Gender equality has become an important societal goal, and a number of indices attempt to measure gender equality on a country-level. This chapter analyzes Social Watch’s Gender Equity Index (GEI) in terms of its stated aims and associable strengths, weaknesses, and problematic issues. A distinctive strength of GEI is an authenticity stemming from the independence of Social Watch from prominent transnational institutions and its decentralized operations. A major weakness is Social Watch’s failure to keep the instrument up to date. Other problematic issues are shared by almost all country-ranking social indices, involving biases rooted in empirical data-collection impediments and conceptual and statistical methodological quandaries. Based on our analysis, we advise: (1) updating the GEI and keeping it updated; (2) the provision of alternate models (dimensions, indicators, weightings) and rankings; (3) more methodological transparency; and (4) synthesizing GEI measurements with qualitative content and analytic aids. These innovations would distinguish the GEI from an increasingly crowded field. Moreover, and in keeping with Social Watch’s grassroots nature, they would reflect an epistemic circumspection that could counter concerns about the ideological implications of competitive country rankings.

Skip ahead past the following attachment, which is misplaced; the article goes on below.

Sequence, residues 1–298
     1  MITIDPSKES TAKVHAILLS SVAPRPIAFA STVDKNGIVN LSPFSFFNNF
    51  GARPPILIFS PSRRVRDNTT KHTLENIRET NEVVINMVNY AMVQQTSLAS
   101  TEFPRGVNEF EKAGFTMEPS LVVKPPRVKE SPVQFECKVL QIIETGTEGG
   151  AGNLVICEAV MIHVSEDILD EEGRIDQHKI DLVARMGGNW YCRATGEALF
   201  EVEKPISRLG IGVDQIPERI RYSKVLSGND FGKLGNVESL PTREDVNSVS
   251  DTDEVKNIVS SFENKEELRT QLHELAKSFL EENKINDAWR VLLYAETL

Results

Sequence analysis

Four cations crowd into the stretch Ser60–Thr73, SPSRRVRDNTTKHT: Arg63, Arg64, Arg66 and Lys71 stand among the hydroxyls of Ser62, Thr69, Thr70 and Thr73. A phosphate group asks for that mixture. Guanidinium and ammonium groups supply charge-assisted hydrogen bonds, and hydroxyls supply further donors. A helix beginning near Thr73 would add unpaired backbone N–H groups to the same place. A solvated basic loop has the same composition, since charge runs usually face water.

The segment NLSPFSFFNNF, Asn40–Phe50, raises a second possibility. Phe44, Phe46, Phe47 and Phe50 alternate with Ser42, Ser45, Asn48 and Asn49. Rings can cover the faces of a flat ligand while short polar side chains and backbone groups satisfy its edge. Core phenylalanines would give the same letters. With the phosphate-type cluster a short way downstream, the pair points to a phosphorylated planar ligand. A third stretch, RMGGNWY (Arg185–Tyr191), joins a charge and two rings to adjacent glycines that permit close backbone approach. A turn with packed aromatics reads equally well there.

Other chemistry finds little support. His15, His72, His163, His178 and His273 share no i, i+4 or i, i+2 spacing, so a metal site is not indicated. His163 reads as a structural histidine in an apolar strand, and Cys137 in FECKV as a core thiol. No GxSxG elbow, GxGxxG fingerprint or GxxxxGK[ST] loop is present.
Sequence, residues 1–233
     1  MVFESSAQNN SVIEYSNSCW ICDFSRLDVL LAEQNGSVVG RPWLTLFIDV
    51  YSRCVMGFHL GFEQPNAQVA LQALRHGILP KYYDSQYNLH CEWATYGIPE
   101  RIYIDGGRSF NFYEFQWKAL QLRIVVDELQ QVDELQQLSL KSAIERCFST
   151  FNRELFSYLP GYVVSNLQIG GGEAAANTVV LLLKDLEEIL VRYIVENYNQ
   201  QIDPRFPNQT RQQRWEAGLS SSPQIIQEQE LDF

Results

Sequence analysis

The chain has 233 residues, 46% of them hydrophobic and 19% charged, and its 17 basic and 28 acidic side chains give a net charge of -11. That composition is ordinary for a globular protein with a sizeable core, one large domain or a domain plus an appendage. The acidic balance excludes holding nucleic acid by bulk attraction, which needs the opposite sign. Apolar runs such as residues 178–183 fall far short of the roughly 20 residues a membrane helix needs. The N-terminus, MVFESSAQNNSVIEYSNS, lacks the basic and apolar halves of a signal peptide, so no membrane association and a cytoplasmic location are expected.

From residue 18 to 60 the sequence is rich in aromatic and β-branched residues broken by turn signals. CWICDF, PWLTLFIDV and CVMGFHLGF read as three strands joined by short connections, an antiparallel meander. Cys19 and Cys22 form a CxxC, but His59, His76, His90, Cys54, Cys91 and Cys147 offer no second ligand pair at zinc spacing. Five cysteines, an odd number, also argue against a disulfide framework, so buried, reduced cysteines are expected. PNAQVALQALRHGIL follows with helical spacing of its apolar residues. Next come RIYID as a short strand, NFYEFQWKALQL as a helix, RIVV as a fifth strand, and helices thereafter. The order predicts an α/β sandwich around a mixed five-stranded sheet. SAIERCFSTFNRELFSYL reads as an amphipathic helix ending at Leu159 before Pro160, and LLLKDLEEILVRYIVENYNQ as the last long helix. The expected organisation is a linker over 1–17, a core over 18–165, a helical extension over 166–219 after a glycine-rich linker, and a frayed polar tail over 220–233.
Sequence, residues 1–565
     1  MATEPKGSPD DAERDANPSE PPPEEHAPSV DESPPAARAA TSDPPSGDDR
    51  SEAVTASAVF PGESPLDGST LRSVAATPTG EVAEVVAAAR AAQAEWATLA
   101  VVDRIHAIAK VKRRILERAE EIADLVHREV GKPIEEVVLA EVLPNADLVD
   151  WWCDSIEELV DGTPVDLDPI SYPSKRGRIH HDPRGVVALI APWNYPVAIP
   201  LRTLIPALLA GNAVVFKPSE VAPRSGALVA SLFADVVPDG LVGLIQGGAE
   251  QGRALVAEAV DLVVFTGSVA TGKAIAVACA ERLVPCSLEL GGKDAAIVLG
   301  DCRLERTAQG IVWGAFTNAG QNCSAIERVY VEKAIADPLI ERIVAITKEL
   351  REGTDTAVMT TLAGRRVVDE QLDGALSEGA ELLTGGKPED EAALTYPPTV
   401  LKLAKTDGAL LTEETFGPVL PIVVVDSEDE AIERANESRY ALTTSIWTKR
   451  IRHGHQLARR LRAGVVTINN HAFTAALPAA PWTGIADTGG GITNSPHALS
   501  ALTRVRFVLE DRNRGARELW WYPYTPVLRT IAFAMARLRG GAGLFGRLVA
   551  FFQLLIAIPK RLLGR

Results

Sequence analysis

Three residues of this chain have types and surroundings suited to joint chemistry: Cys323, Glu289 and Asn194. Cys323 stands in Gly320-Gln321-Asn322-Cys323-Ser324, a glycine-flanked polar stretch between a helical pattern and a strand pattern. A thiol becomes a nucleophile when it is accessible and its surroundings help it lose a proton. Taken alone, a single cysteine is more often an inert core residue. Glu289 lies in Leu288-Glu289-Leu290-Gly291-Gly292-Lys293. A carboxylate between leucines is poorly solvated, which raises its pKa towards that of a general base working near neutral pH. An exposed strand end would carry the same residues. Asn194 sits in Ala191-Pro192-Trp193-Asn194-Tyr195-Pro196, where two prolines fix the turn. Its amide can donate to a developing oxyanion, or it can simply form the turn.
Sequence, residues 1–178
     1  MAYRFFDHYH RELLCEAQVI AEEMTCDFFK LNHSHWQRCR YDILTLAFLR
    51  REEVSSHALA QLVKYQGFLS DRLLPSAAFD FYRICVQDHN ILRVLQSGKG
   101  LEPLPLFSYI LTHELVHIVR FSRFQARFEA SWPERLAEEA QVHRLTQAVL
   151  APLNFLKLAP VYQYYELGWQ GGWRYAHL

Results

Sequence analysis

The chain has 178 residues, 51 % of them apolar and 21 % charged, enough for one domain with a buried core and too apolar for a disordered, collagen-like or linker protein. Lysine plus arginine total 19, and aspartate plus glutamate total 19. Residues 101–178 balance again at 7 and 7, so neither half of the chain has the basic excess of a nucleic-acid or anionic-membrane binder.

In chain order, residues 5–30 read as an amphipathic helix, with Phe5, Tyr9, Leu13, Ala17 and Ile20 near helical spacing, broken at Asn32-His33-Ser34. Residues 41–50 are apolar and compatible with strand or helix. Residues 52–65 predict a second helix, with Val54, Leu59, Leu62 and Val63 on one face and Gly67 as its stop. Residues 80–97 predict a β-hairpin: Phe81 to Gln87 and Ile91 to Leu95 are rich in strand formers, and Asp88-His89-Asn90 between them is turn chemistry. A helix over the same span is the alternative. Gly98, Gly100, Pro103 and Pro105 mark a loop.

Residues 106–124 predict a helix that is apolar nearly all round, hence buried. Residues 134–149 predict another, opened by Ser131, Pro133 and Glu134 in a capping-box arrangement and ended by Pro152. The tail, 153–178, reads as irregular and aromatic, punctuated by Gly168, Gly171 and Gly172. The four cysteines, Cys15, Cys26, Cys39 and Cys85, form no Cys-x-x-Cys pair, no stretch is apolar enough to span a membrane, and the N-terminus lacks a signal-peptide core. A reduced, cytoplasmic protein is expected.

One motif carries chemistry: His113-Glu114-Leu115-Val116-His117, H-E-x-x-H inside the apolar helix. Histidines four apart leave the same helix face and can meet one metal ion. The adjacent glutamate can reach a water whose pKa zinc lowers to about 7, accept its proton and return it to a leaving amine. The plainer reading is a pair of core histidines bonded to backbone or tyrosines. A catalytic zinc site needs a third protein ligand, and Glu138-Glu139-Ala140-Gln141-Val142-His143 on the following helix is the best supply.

Iain Macpherson, MacEwan University, Canada
Mami Taniguchi, Waseda University, Japan
Fabian Froese, University of Gottingen, Germany